“The bottom line is doctors who have been working in acute intensive care units in April, they will be asking themselves how much value has been put on that, in retrospect. They have put themselves at quite considerable risk.”
According to the BMA, consultants employed in Scotland after 2004 are
paid between £82,669 and £109,849. Those employed before 2004 are paid from £68,638 to £88,023.
Mr Morrison said the BMA will now be focused on trying to secure local deals with health boards in the absence of a national agreement.
In his address, Mr Morrison also called for an end to a target drive healthcare system, which “lumps everything together” irrespective of how sick patients are or how pressing the clinical problem.
READ MORE: Coronavirus infections at a four month high as 240 cases recorded in 24 hours
He said: “There’s a window of opportunity and, generally, we have seen a more collegial response to healthcare (in the pandemic).
« Given where we are as a country, there are two priorities. One of them is that we prioritise healthcare and allocate more resources to it.
« Or in the cold hard reality of resources not being infinite we have to have a conversation about what it is the NHS can deliver.
“Everyone is asking the question ‘Are there things that shouldn’t be as much of a priority and are there things that need to be more of a priority?’.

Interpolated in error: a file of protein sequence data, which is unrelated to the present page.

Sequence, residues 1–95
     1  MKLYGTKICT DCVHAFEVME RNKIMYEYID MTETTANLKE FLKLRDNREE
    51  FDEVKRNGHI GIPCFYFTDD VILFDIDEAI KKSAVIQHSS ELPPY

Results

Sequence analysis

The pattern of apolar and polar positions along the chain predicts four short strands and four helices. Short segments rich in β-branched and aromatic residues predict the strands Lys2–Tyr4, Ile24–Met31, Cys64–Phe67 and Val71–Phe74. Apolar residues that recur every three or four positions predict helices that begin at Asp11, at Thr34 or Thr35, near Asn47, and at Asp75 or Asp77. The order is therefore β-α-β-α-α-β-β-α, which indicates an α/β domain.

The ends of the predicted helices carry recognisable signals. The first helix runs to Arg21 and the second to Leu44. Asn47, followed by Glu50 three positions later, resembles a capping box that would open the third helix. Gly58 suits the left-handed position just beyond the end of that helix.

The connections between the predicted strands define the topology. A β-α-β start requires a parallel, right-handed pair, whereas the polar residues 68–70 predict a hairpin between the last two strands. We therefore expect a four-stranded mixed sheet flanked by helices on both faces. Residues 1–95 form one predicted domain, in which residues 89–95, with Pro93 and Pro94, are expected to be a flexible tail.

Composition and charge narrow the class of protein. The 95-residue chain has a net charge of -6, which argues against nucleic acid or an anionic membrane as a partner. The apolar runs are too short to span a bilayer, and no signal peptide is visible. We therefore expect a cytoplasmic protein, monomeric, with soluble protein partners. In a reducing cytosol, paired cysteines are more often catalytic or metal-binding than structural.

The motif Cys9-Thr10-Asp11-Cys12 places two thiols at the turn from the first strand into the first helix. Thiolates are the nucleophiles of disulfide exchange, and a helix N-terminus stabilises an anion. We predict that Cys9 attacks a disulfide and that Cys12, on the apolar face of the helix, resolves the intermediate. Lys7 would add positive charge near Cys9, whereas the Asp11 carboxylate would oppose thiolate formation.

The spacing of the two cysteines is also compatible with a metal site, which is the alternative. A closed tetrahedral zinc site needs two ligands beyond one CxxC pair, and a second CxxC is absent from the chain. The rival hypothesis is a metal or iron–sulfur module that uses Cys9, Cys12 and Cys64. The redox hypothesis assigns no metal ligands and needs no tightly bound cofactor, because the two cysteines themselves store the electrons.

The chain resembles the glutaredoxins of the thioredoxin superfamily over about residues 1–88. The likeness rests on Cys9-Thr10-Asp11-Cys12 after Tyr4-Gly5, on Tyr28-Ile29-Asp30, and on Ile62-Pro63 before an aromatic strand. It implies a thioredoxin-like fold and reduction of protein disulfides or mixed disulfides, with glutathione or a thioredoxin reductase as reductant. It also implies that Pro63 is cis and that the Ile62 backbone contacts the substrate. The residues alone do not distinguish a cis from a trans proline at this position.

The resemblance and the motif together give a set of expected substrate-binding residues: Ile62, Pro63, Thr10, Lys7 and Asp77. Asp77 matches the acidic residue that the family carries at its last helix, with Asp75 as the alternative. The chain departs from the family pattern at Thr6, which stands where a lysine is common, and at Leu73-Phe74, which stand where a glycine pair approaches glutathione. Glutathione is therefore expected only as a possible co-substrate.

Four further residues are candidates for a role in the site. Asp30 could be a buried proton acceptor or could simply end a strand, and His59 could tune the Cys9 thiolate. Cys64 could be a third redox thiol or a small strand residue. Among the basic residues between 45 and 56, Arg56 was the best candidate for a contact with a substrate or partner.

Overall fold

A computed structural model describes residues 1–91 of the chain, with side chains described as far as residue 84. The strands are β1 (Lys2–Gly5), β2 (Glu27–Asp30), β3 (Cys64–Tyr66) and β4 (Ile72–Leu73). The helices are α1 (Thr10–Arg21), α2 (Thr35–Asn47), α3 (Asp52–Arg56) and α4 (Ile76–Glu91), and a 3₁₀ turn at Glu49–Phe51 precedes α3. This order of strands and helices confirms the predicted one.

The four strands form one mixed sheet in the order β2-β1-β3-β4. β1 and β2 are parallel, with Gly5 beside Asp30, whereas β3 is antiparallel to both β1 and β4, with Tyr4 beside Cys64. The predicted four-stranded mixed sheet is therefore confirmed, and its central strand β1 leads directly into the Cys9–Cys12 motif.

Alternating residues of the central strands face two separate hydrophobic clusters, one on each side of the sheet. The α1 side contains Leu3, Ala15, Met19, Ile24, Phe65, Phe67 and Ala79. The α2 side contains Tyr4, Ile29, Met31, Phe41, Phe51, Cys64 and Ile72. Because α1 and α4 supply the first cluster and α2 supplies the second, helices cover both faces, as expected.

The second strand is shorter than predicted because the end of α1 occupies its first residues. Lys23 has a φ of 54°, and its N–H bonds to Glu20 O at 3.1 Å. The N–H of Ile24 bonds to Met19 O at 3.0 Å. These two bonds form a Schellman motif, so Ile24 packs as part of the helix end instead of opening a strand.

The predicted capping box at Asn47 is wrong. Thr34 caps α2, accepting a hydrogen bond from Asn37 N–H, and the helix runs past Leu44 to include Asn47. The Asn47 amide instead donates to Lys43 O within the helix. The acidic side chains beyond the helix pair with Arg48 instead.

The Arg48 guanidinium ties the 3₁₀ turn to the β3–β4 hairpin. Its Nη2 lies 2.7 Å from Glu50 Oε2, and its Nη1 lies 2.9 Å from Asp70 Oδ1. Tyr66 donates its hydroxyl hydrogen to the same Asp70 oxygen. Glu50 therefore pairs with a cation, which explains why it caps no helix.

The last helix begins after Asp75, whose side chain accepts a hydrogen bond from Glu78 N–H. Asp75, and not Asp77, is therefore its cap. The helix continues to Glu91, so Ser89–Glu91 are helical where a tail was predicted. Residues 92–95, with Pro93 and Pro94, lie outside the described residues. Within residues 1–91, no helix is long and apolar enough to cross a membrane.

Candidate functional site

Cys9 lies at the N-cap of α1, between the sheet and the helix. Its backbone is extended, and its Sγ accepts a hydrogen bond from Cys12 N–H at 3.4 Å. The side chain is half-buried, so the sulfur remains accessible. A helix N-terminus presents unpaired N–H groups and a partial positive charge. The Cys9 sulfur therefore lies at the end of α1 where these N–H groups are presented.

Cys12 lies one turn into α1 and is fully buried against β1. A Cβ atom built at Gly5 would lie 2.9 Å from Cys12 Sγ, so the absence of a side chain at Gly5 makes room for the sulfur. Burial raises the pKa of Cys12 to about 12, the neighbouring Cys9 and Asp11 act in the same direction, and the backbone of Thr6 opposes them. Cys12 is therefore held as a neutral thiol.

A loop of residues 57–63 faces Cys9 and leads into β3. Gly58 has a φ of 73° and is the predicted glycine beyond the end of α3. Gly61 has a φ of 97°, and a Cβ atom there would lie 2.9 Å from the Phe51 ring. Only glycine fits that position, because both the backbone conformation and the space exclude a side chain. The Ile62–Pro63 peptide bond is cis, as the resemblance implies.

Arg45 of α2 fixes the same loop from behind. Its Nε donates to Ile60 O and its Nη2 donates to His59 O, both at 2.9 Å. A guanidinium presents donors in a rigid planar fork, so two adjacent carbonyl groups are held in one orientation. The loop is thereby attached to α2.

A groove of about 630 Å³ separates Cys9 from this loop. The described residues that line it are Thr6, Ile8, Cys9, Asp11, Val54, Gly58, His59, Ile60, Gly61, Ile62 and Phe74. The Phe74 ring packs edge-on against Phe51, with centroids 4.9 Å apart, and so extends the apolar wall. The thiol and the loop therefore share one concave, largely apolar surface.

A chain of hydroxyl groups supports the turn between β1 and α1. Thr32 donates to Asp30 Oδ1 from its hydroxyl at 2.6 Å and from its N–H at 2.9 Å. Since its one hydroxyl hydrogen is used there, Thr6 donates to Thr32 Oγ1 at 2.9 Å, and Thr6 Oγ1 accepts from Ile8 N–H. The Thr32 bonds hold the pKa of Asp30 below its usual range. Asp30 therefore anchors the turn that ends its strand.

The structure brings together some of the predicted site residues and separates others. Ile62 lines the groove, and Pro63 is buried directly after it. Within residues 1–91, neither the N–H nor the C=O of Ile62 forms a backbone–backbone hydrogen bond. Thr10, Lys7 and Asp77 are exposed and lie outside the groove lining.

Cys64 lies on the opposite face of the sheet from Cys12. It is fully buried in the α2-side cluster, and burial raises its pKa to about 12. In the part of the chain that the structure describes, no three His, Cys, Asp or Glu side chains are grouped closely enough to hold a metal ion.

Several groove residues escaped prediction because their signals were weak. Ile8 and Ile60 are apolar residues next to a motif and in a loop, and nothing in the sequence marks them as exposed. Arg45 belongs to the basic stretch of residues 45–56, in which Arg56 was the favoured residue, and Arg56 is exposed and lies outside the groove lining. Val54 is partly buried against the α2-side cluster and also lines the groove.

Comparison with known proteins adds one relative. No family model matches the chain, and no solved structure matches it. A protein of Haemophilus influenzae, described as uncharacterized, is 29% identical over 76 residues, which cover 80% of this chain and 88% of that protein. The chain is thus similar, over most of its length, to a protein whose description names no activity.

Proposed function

“That questioning approach must lead us away from a tired focus and narrative on numbers seen and how long it takes to
Mr Morrison said that after the pandemic the NHS should not return to a “target culture”.
“Now is the time to finally be honest that the NHS cannot deliver all we ask of it with current funding and staff,” he said.
“Healthcare is not a political football and it is not good enough to keep squabbling over NHS figures like they were the latest opinion poll results.”
Mr Morrison asked politicians to “put party politics and point scoring to one side and unite to make our NHS a less politically driven institution” and to “depoliticise the debate on our NHS”.
READ MORE: £160k NHS bill for agency cleaners who are banned from wards because of ‘basic’ patient safety checks
He called for a new partnership between “Scotland’s people, politicians and the healthcare professions” and said a national conversation is needed
about expectations around healthcare services.
He said: “We can’t just go back to the way we were doing things before, which wasn’t working.”
A Government spokeswoman said:“The pandemic is having an unprecedented impact on those working in our NHS, and we are hugely grateful for the extraordinary hard work, dedication, skill and commitment of all those working in NHS Scotland during this emergency.
“We have accepted the independent recommendations of the Doctors and Dentists Pay Review Body for a pay uplift for medical and dental staff of 2.8% backdated to April 1.
“This will be paid in September salaries, with arrears of pay to follow as soon as practical thereafter.
“The Health Secretary meets regularly with BMA Scotland, most recently on September 11, where all issues related to medical staff, including pay, can be discussed. We continue to engage fully with NHS unions on all issues related to pay and reward.
“All staff are able to claim payment or time back for extra hours worked.